There's a telling moment in the opening minute of the fourth quarter, long after the paint had dried. Off an Aaron Williams steal on the other end, Daniel Ewing brings the ball up with the Clips down 22. He swings it over to James Singleton way out on the near side arc. James fakes the three - he has just sunk one - then dribbles back up top and returns the ball to Ewing. Not to be deterred from executing this phenomenal two-man game with Singleton 25 feet from the basket, Ewing returns the ball to Singleton, who has TT setting a screen on James Jones, with Pat Burke hedging. Singleton can't decide what he wants to do. Meanwhile, Corey floats in and out of your television screen, about 25 feet from the basket beyond the top of the arc. When Corey does appear, it's an all too familiar pose - weight on his back foot, eyes on the ball, wearing a nothing-you-have-over-there-is-better-than-Corey-Maggette-isolating-on-Raja-Bell expression. As Singleton holds the ball, Maggette keeps sliding ball side, so that at :09, there isn't a single Clipper on the weak side. The ball goes over to Corey, who is straddling the arc. When the ball lands in Corey's hands, Aaron Williams - bless his heart - sets a screen on Bell, which opens up the entire left side for Corey against Amare on the switch. Meanwhile, Thomas has just shifted up to his spot. With :08, Corey can drive, kick it back out to Thomas, or ... of course ... shoot the ball. For Corey, proximity to the ball always takes precedence over how he can help space the floor in a halfcourt set. Damned if he'll ever settle for being a skip pass away.
The defensive bête noire of the night comes a few minutes earlier, with about 5:40 left in the third quarter, following a Raja Bell steal. Nash runs it up the floor. When he crosses over the arc, he's got the following two choices: A trailing Amare with nothing between him and the basket but Tim Thomas at the smiley-face stripe underneath, or Shawn Marion in the corner, Thomas being the closest guy to him. In essence, it's the defensive rendition of the aforementioned offensive set: Every Clipper is on the ball side of the court. Nash penetrates and, as every Clipper collapses, he delivers a swing pass to Marion in the left corner. He's Shaun's guy but -- see if this makes any sense - the closest guy to Marion as he launches the shot is Steve Nash, whose momentum has carried him that way. He actually beats Shaun Livingston to the close-out.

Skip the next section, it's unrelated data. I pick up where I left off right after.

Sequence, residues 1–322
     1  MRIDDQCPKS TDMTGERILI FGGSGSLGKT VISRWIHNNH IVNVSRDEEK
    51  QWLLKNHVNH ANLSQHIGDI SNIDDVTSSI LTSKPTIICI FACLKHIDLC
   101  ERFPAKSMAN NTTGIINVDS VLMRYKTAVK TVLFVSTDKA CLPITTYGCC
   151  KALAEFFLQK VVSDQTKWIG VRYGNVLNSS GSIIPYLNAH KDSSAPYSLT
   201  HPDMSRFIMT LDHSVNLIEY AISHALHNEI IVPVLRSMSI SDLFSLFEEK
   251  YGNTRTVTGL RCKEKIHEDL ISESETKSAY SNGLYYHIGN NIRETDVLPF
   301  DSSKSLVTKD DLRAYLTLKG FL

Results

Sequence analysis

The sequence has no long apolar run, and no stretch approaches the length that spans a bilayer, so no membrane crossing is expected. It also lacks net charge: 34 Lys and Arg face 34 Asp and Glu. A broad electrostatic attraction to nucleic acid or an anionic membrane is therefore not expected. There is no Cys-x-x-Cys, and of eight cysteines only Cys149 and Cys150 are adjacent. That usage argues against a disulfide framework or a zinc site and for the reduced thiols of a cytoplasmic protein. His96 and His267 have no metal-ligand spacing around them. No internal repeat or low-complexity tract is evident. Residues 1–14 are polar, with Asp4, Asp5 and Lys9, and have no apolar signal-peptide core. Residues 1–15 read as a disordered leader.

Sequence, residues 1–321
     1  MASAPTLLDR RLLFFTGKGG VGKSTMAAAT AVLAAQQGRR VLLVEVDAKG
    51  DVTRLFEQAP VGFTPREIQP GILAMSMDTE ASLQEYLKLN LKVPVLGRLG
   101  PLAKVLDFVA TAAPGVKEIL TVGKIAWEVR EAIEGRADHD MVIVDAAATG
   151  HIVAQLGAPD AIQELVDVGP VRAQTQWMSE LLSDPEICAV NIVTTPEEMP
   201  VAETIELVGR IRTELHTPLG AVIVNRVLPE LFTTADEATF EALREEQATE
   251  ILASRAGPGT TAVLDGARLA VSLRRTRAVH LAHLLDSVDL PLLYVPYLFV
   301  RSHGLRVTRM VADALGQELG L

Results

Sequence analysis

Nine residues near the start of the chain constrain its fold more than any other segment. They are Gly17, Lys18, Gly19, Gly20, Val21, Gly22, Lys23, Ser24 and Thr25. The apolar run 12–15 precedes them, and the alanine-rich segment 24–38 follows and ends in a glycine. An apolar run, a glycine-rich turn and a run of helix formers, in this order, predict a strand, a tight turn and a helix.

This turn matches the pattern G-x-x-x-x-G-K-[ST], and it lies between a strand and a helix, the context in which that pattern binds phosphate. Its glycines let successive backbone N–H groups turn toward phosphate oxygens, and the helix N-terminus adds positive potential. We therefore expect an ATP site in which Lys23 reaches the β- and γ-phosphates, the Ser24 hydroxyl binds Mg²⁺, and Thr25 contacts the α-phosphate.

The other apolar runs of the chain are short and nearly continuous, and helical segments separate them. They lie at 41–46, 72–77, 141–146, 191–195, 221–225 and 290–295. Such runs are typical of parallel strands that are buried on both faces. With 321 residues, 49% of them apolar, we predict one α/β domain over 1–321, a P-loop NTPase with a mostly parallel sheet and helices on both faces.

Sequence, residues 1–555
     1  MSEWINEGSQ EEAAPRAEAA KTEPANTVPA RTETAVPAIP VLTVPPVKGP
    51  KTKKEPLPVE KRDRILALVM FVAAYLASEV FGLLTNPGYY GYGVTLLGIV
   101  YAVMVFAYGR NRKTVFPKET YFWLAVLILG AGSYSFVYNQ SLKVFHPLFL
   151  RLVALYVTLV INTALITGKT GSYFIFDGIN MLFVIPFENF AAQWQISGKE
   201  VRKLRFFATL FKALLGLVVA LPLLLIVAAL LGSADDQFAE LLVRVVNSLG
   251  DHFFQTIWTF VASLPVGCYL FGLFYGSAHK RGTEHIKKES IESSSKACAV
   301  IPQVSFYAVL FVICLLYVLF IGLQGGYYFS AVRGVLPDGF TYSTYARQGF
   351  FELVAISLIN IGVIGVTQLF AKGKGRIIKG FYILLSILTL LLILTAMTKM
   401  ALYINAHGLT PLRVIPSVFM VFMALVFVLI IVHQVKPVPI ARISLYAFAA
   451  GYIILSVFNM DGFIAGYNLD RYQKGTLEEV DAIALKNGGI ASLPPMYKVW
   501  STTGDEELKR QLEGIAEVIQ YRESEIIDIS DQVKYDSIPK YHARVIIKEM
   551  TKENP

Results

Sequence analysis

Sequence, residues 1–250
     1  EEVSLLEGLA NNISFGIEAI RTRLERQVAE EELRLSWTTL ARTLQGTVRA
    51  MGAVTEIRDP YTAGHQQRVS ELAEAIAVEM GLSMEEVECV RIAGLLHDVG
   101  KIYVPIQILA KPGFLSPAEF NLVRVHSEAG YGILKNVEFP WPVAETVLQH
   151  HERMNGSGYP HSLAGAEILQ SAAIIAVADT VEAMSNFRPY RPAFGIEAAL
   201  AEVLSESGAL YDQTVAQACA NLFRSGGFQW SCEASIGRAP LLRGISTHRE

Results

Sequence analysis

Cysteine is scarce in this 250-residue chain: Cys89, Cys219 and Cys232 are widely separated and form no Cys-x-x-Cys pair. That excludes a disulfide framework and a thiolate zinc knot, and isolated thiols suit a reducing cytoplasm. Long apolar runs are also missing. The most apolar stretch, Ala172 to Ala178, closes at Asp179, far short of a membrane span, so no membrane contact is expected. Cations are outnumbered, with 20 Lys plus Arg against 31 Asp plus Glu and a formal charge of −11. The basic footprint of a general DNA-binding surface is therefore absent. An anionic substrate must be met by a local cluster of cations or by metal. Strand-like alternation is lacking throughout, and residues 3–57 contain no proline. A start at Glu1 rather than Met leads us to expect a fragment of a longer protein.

And that's the thing with Phoenix. Every guy on the team has the instinctive ability to find, at any given instant, the exact spot on the floor where he serves the most usefulness. The Clippers - who never had great spacing, but whose defensive rotations and switches had become pretty good by last May - are now the fundamental opposites.
It was interesting to watch parts of the game on TNT when I got home, because I wanted to hear what Doug Collins and, to some extent, David Aldridge and Charles Barkley had to say about the team. Collins showered Mike Dunleavy and the team with sympathy, while Barkley, who drank the Clipper Kool-Aid early last season, called the Clippers the biggest disappointment in the league. I like Aldridge a lot, but was befuddled by his prescription for the Clips - that they acquire Jason Kidd. What would the Clippers accomplish by adding a point guard who has two years and $40 million remaining on his deal after this season? While Kidd is a distributive genius, he can't shoot the ball any better than Shaun. Is there anyone who honestly believes that Kidd could improve the Clippers enough to propel them into the second round of the playoffs?
There's one nice thing about closing up shop early on the season. While other teams are frantically trying to improve themselves, the Clippers can take the long view. The Clippers should be asking themselves what, beyond Maggette, they are holding that's of any value to the rest of the league. To that end, they should see if there's a market for Sam Cassell. For an on-the-cusp team in need of a little attitudinal injection - say, Cleveland -- Cassell could be intriguing. In contrast, Sam is useful to the Clippers only if they're contending. The Clips could clear $6.1 million from next year's number, and hand over the team to Shaun Livingston. While making the postseason for a second consecutive year is of some symbolic import to the organization, figuring out, once and for all, if Shaun Livingston is The Guy, is more crucial. It's one thing to underachieve, but it's quite another to squander the flexibility that underachievement affords you.